Local Hero Award To recognise an individual who has worked tirelessly to make an impact on sport in their local community. Your local hero could have washed kits for 30 years to ensure the team looks its best or be someone who has campaigned to keep a local sports facility open. We want to hear about anyone who has made an impact but seeks no praise or recognition for this award.

Local Team of the Year For an outstanding sports club that has made a contribution to everyday life in the community.

Volunteer of the Year To recognise an individual who gives up their own time to provide an individual or a team with their help and support.

Sporting Charity Challenge of the Year To recognise an individual or a group who have undertaken an outstanding charity challenge in 2015. It could be for an individual who, despite personal physical challenges has trained and managed to complete their goal. Anyone who has taken on a challenge in the interest of raising the profile of and funds for a charity deserved to be recognised in this award.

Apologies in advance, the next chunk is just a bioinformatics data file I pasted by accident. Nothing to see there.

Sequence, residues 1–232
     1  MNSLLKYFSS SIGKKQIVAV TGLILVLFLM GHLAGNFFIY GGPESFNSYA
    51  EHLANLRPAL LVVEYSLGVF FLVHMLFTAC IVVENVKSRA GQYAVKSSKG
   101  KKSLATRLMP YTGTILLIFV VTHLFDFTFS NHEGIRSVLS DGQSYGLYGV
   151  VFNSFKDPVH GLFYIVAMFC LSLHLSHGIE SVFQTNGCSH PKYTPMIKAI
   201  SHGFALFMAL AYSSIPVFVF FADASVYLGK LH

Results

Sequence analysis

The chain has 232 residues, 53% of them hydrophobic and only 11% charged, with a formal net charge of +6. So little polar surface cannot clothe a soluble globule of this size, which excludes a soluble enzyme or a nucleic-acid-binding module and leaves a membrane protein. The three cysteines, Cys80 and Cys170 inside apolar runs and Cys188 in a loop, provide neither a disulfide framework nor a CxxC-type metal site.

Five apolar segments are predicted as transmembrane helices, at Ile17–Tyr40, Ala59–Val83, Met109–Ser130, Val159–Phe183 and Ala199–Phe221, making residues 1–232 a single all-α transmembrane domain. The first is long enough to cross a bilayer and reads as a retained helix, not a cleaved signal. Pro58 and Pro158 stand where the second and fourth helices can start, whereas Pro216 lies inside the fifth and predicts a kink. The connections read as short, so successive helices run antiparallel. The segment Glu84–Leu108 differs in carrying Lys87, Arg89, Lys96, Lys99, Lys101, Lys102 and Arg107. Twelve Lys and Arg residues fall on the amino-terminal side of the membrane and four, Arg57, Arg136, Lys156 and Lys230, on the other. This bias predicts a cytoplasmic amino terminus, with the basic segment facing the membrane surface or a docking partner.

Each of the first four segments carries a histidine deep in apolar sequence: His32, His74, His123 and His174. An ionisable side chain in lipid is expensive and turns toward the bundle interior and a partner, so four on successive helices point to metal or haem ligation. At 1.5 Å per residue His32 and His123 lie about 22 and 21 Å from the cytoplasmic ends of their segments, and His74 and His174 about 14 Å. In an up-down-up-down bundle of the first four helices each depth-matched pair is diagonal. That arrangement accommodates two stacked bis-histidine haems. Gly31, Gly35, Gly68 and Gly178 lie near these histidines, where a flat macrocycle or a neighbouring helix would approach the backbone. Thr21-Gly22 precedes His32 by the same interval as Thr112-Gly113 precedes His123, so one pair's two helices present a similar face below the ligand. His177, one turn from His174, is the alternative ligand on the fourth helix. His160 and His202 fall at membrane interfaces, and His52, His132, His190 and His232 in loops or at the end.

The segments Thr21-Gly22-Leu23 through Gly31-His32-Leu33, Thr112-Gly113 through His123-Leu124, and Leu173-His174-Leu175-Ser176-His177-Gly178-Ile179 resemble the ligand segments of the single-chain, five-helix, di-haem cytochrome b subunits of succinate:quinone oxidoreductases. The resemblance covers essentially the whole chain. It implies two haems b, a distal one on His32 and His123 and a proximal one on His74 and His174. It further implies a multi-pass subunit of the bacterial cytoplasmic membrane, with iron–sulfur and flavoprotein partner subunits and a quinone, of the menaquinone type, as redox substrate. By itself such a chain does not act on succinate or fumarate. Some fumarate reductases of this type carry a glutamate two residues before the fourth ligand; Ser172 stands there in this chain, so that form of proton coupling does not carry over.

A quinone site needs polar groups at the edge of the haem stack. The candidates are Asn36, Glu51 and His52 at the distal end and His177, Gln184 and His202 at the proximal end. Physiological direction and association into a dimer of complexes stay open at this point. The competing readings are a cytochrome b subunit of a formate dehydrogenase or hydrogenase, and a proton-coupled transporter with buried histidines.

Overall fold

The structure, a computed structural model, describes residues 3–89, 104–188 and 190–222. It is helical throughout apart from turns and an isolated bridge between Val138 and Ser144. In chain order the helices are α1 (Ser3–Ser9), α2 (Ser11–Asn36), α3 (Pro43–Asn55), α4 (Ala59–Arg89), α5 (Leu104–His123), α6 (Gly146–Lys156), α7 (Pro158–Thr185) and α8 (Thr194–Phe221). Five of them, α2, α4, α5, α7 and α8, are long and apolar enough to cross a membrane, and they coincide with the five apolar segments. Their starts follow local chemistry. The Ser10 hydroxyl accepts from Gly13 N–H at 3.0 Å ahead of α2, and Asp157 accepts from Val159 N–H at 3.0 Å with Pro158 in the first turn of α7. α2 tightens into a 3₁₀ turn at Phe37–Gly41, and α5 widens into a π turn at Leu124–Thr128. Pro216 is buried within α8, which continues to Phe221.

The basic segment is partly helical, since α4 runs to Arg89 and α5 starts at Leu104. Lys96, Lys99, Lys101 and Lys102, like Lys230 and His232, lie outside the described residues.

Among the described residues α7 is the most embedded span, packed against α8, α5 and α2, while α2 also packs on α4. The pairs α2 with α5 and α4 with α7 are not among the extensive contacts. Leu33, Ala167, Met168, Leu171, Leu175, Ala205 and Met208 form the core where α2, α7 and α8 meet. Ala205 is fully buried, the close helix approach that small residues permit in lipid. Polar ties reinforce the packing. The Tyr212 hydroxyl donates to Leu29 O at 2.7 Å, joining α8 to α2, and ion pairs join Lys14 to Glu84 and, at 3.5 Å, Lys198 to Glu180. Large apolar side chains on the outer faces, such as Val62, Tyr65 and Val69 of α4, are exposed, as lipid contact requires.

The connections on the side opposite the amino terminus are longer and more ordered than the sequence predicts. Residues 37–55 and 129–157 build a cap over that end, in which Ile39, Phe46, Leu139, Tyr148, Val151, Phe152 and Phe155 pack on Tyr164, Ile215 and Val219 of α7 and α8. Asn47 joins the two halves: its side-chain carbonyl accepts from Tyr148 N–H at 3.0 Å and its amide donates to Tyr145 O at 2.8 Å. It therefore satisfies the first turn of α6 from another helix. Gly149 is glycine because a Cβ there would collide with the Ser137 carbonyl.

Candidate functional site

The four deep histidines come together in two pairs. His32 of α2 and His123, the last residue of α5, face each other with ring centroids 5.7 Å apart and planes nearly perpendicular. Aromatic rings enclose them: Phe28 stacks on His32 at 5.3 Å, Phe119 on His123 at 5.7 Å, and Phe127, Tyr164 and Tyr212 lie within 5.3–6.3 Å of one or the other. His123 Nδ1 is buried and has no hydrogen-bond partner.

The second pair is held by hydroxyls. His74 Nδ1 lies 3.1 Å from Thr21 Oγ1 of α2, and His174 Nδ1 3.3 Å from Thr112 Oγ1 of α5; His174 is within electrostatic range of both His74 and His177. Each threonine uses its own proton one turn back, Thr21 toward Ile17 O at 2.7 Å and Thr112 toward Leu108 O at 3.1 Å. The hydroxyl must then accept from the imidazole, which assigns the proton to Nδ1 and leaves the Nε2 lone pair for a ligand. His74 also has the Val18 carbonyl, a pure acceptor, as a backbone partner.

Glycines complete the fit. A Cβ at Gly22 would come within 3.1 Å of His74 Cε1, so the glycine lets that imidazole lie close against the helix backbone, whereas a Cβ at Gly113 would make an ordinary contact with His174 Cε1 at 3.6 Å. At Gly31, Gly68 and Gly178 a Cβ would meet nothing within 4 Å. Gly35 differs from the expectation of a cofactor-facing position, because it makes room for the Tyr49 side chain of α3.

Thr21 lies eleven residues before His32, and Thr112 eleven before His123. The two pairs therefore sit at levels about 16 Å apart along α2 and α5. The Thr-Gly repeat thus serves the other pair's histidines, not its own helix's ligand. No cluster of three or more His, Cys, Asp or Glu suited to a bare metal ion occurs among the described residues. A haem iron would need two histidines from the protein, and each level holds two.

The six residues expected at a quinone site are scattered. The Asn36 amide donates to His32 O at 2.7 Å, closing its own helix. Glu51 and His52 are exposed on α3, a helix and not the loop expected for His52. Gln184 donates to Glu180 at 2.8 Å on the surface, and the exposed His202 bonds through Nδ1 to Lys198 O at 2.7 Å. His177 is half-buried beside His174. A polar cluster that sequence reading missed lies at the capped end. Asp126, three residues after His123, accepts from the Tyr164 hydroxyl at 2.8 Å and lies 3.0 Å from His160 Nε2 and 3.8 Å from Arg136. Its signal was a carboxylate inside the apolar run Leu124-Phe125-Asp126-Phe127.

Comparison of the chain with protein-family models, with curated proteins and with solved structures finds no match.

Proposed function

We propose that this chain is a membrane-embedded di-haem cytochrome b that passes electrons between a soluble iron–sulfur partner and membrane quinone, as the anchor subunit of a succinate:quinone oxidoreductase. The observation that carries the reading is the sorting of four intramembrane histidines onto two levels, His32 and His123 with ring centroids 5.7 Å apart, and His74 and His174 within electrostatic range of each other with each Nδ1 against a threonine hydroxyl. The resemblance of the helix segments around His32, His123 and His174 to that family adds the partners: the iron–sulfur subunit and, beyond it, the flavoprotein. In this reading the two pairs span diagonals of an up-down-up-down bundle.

Disability Sport Award To recognise an individual who has triumphed over a disability to excel in their chosen sport.

Sport England Community Sports Initiative of the Year To recognise a new community sports initiative that either brings communities together or encourages people who otherwise wouldn’t partake in sport to give it a try!

Sporting Event of the Year To celebrate a sporting event that has made an impact in the lives of many.

The winners will be announced in a ceremony at The Grosvenor House Hotel in London on Wednesday, November 25.

HOW TO NOMINATE

By Post Pride of Sport Awards, One Canada Square, Canary Wharf, London, E14 5AP

Website www.prideofsportawards.co.uk

Nomination deadline: Friday October 23.